Dutch magazine Logistiek spoke with Sander Breugelmans, country manager Benelux at Prologis, about the wishes and requirements of logistics real estate that are subject to change. More than ever before, Prologis is focusing on the well-being of staff, the setup of the surroundings and the redevelopment of existing business parks.
Prologis is active on every continent. The real estate developer’s customer base includes many internationally operating businesses that call repeatedly on the expertise of Prologis, whether in Canada, Brazil, Japan or Singapore. “What also appeals to these customers is our long-term vision. We demonstrate our commitment by retaining control of the warehouses and distribution centers,” says Sander Breugelmans, country manager Benelux at Prologis. This long-term vision means that Prologis invests heavily in innovation. In the Prologis Labs in California, new innovations in areas like lighting, flooring and data networks are tested in a real warehouse. “In addition, we invest in logistics startups, through Prologis Ventures, in order to learn from the new trends and developments in this sector,” says Breugelmans.
Well-being of staff
“In practice, the long-term vision leads to different decisions regarding the location and quality of the premises, which must still be attractive in 20 or 25 years’ time. We are also continually looking at the obstacles faced by our customers. At the moment, for example, that is the availability of staff. We take account of this by providing extra facilities in our warehouses.” A good example is the new building of Pantos Logistics in Tilburg. It is the first logistics center in Europe to be awarded gold status under the WELL Building Standard, an international standard that measures a building’s impact on the well-being of the staff who work there. “Take the quality of air and light, for example. In this building, we use as much natural daylight as possible. For the flooring, we used a special glue that has no adverse effect on the air quality. And in both the office space and the warehouse, we’ve planted lots of indoor greenery,” explains Breugelmans. In the Benelux, Prologis owns over 2.4 million m2 of logistics real estate, much of which is clustered in parks. This creates opportunities for promoting the well-being of both the staff and the local communities. “We like to talk to local authorities and residents about how it fits into the landscape, but we are also concerned with things like sports fields, picnic tables and jogging paths. We call it Park Life.”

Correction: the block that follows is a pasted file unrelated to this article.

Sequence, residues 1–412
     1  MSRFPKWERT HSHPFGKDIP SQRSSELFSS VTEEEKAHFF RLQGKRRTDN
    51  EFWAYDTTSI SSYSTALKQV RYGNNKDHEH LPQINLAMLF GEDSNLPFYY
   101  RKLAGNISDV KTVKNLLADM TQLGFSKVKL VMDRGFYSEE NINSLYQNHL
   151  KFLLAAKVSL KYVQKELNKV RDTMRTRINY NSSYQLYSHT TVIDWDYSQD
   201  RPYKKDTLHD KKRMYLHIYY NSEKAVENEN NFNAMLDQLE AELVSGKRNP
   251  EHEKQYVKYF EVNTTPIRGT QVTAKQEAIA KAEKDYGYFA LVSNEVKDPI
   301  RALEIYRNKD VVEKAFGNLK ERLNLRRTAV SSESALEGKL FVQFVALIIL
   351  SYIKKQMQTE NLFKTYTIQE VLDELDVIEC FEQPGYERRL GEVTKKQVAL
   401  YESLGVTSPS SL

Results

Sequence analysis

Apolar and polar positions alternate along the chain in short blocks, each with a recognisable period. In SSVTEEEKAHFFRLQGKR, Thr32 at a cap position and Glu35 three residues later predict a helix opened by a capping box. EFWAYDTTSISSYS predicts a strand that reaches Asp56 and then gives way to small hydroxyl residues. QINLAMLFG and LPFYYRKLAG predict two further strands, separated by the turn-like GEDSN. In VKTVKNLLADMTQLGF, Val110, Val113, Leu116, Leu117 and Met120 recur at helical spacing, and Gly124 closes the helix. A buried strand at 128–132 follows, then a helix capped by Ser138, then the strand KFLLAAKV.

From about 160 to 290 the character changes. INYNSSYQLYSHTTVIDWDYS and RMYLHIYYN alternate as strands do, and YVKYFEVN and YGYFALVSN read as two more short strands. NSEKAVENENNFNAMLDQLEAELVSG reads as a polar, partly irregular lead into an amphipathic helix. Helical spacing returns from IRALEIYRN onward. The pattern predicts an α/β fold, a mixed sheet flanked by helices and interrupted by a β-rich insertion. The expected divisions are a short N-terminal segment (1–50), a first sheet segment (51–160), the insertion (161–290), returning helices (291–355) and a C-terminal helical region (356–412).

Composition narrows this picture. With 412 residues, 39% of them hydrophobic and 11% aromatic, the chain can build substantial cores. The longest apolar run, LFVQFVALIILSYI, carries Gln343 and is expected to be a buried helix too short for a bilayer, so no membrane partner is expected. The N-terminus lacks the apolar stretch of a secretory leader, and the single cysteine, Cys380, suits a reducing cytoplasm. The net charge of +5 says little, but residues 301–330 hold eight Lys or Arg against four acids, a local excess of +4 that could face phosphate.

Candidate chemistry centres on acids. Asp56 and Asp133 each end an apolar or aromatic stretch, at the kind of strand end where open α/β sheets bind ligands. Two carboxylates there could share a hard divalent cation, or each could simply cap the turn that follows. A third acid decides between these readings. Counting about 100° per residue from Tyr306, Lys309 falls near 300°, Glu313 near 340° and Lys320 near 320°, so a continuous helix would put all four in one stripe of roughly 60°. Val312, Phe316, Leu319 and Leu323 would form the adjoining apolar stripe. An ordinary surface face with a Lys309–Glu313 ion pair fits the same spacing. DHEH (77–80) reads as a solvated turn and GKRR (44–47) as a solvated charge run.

Redevelopment of existing parks
Prologis takes the discussion about the effects of logistics development on the landscape serious. Breugelmans and his team meet with provinces and local councils as early as possible to discuss planning. “We don’t build premises all over the place, but choose to cluster warehouses and distribution centers at smart locations. These are preferably at multimodal terminals, so that we can use sustainable modes of transport, like water and rail.”
Prologis also invests in the redevelopment of existing, often outdated business parks. One example is a warehouse in Rotterdam built for the former Damco, which Prologis has renovated and made more sustainable at its own risk, expanding it with a truck court and fifteen extra loading docks, and then leasing it out again. Breugelmans says, “We regularly demolish old buildings to make space for modern premises. But it’s sometimes the case, like in Rotterdam, that parts of the old buildings are still usable. Often, we can leave the steel construction intact, so that we only have to renovate the façades, docks and roofs.”